80%Overall Score
Reader Rating: (3 Votes)

Visual amazement struggles with choppy plot direction.

Fifteen years after a nuclear disaster wipes out a power plant in Japan, a mysterious creature comes back to life. At the same time, a subterranean dinosaur, thought to be extinct, rises from the depths, seemingly to engage this anomaly. But much more is afoot, and more is at stake than the humans could possibly imagine.

Suspend your disbelief for two hours and try to imagine creatures that feed on radiation. Feed on as in their bodies absorb and, for all intents and purposes, metabolize it. The Janjira nuclear power plant collapses after a series of earthquakes in Japan. Just before this happens, a cave is discovered on an island in the Philippines containing the bones of a gigantic animal, with fresh track marks leading out to sea, headed north. Power hungry, you say?

Flash forward to the present day. An American whose father worked at that power plant in Japan must fly overseas to get his father out of jail. His crime? Trespassing on the same island where Janjira once stood. Joe Brody (Bryan Cranston) seems to be going mad in the eyes of his son Ford (Aaron Taylor-Johnson), who has grown from past struggles into a U.S. Navy technician in Explosive Object Disposal. Ford lives in San Francisco with wife Elle (Elizabeth Olsen) and young son Sam.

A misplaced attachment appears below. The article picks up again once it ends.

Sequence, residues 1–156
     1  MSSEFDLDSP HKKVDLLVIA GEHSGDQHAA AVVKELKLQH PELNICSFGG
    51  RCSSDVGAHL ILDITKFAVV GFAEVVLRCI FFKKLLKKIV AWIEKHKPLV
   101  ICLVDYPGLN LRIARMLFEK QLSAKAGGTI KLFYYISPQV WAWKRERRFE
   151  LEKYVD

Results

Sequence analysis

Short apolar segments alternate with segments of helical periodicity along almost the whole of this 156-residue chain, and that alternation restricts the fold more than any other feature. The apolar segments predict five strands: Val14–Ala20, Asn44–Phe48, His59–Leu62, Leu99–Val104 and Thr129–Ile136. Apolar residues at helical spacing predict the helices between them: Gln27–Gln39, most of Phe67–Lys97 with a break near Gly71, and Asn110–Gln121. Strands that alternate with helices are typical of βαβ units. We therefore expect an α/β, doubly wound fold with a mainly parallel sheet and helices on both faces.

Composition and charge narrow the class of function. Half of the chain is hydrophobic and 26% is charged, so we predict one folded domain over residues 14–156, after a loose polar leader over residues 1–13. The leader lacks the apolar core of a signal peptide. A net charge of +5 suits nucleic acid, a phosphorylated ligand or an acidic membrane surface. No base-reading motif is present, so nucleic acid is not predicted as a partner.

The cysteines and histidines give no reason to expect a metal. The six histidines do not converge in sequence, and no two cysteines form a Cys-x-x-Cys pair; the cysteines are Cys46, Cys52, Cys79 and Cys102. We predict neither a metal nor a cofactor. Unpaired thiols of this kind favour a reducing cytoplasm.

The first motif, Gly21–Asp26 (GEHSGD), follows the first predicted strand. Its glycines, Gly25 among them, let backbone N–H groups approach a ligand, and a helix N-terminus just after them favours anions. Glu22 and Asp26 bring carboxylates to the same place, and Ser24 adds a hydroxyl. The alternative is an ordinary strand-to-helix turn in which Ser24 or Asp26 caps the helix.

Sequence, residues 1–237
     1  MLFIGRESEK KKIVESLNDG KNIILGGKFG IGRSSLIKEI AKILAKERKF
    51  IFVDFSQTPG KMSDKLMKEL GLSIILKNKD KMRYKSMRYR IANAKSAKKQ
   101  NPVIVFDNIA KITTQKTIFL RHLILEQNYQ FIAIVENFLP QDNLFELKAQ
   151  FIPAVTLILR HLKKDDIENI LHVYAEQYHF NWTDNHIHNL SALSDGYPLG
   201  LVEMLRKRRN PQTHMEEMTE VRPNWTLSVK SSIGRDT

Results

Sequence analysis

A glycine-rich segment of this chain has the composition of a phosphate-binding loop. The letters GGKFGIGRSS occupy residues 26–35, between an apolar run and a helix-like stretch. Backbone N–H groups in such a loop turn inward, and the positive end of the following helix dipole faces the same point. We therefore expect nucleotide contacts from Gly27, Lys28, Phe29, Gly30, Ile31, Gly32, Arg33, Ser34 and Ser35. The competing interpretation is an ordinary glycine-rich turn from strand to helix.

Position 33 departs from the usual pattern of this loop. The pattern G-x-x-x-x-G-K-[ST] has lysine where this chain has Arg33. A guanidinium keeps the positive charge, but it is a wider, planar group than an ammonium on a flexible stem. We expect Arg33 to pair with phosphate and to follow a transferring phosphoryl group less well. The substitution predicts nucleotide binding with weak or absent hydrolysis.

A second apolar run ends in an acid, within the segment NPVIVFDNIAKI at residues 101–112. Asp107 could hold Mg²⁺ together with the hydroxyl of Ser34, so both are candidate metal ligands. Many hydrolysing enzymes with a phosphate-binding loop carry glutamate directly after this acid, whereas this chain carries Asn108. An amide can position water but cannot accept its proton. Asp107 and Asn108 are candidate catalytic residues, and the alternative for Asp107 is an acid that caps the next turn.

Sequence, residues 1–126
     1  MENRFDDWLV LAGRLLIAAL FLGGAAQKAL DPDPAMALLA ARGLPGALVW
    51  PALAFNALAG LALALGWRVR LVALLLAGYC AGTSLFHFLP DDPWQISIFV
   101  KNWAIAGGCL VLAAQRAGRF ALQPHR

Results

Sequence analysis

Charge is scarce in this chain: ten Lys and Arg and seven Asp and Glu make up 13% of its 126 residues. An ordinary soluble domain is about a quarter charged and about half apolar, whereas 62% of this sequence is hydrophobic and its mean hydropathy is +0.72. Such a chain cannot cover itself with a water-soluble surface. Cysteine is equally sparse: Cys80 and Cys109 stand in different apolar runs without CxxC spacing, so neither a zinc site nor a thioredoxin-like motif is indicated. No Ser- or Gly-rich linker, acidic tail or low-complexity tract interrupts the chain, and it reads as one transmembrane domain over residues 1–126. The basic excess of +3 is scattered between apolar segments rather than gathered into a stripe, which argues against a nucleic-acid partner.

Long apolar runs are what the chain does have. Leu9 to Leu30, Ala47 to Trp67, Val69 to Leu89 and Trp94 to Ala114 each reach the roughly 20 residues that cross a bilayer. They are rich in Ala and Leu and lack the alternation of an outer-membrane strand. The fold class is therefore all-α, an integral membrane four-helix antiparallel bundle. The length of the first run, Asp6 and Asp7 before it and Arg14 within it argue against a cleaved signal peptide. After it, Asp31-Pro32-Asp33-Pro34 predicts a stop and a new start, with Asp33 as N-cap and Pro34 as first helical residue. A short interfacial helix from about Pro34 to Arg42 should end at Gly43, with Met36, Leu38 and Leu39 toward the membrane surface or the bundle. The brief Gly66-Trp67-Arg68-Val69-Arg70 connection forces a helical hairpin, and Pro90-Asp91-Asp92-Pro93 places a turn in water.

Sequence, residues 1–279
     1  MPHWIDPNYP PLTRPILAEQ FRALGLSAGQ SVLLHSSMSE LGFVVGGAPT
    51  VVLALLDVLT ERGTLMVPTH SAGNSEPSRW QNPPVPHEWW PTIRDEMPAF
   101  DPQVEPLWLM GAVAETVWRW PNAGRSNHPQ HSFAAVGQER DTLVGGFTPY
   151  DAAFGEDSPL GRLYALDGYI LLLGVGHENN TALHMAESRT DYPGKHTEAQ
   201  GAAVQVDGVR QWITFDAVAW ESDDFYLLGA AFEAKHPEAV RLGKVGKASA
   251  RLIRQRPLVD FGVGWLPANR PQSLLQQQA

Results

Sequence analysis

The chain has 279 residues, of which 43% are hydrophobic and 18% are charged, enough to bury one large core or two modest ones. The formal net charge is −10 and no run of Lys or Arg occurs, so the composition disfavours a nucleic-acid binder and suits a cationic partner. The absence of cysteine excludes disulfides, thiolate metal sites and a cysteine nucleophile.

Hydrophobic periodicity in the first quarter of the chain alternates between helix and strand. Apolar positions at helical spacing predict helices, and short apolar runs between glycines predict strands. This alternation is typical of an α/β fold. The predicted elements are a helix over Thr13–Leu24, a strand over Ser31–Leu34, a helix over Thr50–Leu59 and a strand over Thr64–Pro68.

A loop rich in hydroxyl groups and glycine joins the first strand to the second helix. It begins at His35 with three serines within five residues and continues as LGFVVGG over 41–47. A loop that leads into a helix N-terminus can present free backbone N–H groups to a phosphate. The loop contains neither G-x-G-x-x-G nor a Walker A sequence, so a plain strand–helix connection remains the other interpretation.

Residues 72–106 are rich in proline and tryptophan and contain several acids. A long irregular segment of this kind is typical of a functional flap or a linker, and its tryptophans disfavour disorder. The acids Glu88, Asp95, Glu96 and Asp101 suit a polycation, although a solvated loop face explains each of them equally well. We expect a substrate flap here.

With a little coaxing, the Brody father-son team goes on an expedition and the two discover that the radiation from the fallout has been completely wiped away much sooner than it should have. Shortly after this revelation, the two men are apprehended by authorities and brought to a facility built on the power plant’s former grounds. Overlooking a gigantic hardened chrysalis, Navy Admiral William Stenz (David Straithairn) weighs his options while Joe spins a twisted tale of government cover-ups of a prehistoric animal that will be revived and wreak havoc on mankind.

Soon after, the cocoon-like mass morphs into a creature that looks like a mash-up of Rodan and the Kamacuras – to non-followers of kaijuology, picture a cross between a bat and a locust. Before taking to the air, the MUTO or Massive Unidentified Terrestrial Organism shows its superpower of emitting an electromagnetic pulse which shuts down all electrical machinery.